A curtains manufacturer can import textiles from Bangladesh, once the textile has been manufactured and exported, the manufacturer can use the import documents for the textiles to claim for a duty drawback.
Note that processed products are eligible for duty drawback, the manufacturing waste are not. The textile waste from the curtain manufacturer can be exported to other countries, but they are not eligible for duty drawback claims.
One way for manufacturers to be certain that they are eligible for duty drawback claim is that the processed goods have a different harmonized tariff code (HTS Code) from the HTS Code used for the materials initially imported.
Rejected Goods Drawback
As the name suggests, goods that do not meet the importer’s requirement are allowed for duty drawback.
Importers have to bear the significant loss in production delay, administration cost, shipping and logistics fee. If the customs do not allow for a drawback for rejected goods, the monetary loss is further compounded once more.
When is Duty Drawback Not Necessary?
In retrospect, a duty drawback is a form of cash incentive, the condition where duty drawback makes sense is when there are actual duty and tax paid to the local customs office.
Hence, if a cargo imported is non-dutiable or non-taxable, there is essentially no need for a claim of duty drawback.
Another circumstance where manufacturers are free of duty and tax is where the manufacturing premise is situated in a free trade zone, where all international trade is free of duty and tax. One condition, however, is that the cargoes manufactured are exported to another country, instead of exporting them to the local nation for local consumption.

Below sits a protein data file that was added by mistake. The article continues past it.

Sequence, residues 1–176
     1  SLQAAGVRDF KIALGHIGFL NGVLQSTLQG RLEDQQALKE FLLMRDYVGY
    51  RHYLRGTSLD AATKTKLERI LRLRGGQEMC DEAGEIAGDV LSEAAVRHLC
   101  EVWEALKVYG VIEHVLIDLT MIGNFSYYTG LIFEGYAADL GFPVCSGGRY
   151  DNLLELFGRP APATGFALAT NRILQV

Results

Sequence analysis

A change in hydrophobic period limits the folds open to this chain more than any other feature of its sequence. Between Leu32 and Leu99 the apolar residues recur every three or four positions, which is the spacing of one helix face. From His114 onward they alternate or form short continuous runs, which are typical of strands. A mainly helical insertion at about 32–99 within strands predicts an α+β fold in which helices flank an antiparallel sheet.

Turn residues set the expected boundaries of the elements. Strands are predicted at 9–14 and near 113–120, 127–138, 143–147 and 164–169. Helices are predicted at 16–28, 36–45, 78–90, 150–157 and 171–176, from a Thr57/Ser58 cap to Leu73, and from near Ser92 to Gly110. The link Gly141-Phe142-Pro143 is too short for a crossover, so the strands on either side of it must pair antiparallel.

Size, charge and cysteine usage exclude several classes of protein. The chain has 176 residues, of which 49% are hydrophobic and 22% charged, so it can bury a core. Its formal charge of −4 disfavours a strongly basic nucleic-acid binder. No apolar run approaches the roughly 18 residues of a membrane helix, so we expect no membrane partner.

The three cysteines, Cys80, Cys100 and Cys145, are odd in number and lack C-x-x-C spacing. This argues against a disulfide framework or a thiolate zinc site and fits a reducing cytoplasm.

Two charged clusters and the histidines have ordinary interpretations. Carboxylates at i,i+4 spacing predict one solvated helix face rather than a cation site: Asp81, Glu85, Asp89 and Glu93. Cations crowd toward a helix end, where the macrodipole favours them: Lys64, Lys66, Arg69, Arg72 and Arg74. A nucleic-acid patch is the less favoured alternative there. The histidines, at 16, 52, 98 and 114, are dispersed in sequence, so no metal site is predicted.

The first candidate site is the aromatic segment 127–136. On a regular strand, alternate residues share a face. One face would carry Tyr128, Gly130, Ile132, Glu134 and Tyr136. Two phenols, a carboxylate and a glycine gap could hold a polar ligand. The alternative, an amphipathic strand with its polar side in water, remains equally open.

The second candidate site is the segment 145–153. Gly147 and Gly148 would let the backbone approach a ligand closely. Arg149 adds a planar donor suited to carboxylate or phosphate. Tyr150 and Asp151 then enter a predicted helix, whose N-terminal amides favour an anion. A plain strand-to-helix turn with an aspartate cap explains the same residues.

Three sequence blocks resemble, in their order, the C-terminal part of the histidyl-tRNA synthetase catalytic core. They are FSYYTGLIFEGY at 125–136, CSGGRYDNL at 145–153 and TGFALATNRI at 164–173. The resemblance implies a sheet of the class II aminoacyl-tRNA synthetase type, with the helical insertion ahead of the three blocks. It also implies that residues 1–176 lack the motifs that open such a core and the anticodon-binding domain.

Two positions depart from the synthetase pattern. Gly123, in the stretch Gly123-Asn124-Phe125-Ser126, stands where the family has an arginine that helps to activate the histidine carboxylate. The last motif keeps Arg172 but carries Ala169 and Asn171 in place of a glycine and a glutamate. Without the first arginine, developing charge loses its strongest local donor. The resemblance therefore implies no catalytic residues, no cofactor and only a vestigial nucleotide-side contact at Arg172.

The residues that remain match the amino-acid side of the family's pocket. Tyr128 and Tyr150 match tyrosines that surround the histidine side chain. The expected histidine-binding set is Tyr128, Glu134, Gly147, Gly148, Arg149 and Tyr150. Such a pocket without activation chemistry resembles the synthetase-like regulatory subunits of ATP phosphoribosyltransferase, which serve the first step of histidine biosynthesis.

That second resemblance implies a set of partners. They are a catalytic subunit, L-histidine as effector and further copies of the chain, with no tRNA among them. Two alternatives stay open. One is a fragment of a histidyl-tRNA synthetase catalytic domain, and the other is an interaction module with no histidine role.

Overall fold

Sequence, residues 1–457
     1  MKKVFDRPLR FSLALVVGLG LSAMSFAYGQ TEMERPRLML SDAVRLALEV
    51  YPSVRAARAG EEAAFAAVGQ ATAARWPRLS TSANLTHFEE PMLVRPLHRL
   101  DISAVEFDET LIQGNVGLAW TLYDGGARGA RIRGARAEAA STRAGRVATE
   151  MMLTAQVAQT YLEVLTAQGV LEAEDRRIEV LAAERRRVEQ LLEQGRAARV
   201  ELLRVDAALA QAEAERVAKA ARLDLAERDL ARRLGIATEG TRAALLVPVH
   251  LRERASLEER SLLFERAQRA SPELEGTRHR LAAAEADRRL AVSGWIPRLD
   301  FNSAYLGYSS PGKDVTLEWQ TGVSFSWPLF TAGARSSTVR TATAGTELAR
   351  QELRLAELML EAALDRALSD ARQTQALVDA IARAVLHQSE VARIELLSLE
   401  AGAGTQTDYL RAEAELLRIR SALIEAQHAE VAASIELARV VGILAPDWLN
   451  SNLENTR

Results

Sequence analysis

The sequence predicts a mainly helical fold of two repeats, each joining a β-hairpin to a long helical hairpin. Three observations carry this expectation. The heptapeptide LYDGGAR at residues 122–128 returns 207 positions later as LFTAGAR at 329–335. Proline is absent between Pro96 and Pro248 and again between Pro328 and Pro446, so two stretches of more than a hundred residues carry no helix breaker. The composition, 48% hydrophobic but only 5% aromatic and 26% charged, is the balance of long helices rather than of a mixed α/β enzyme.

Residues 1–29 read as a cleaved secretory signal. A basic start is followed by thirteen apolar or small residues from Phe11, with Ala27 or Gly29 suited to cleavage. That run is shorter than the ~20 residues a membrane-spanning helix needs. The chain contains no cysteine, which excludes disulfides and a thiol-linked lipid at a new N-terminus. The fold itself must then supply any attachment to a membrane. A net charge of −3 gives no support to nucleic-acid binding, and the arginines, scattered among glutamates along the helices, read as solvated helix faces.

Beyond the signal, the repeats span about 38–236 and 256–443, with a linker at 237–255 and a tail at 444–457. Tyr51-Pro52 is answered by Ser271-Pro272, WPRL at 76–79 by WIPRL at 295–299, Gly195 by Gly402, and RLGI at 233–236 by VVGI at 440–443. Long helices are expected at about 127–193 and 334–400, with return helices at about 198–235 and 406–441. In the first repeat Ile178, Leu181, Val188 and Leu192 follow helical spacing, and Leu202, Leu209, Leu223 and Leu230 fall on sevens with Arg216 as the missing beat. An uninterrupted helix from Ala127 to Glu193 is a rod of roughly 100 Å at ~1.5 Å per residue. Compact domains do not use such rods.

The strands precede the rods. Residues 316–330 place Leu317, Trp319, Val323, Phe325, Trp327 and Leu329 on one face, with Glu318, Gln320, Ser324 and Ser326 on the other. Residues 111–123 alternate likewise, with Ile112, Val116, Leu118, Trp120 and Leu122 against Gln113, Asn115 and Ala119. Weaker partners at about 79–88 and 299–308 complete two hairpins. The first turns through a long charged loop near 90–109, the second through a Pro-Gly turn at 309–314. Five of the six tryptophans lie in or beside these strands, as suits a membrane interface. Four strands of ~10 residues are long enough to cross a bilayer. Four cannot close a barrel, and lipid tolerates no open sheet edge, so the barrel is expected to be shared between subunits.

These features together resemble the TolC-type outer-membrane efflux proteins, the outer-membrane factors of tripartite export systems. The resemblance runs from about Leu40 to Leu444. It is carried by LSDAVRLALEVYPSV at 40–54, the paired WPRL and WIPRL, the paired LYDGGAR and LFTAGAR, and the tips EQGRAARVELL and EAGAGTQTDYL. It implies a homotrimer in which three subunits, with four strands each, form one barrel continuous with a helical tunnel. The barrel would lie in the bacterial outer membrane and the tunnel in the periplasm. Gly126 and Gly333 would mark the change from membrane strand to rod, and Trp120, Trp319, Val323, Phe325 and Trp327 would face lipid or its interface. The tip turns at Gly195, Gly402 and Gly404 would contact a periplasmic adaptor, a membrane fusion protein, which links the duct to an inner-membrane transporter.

If the importing country and the exporting country are in some form of a bilateral or multilateral free trade agreement, the traded goods among the two countries are also free from duty and tax. For a manufacturer to benefit from the free trade agreement, they have to import from countries that have a standing free trade agreement, such as NAFTA. The imported goods have to be accompanied by a certificate of origin to determine that the imported goods originated from that country.
Are All Cargoes Eligible for Duty Drawback?
Strictly no, depending on the harmonized tariff code, certain controlled articles are not eligible for duty drawback claims. One of the motivations behind this sort of restriction is to ensure the imported cargo is retained for local consumption, especially if the article or commodity (Steel or Aluminium) is in short supply.
Restriction of duty drawback is applied not only on the commodities, identified by the HS Code but also at a country level. Meaning to say, a country can restrict duty drawback incentives for cargoes coming from a list of pre-determined countries.
How to Prepare Your Company for Duty Drawback Program?
Implementing an effective duty drawback program is not only logical but also fiscally beneficial. But there are some hidden costs that come from implementing a duty drawback program. Here are some tips for you to prepare yourself: –
- Consult a licensed customs broker to make sure the HS Code provisions are eligible for duty drawback
- Understand to the full extent the regulation of duty drawback
- Collect all data pertaining to import to estimate the potential savings from maintaining a duty drawback program
- Maintain an extensive record-keeping system for all import document and tracking information
- Be well versed with the US ACE (Automated Commercial Environment) System.
Documents Required for Duty Drawback
This is an excerpt extracted from the US Custom Border Protection website.
- Drawback Entry Number
- Filing Port Code
- Claimant ID Number
- Drawback Provision
- Drawback Claim Date
- Total drawback claim amount requested
- Import Entry Summary/HTS Data
- Information on Exportation or Destruction
- Notice of Intent to Export or Destroy (if applicable)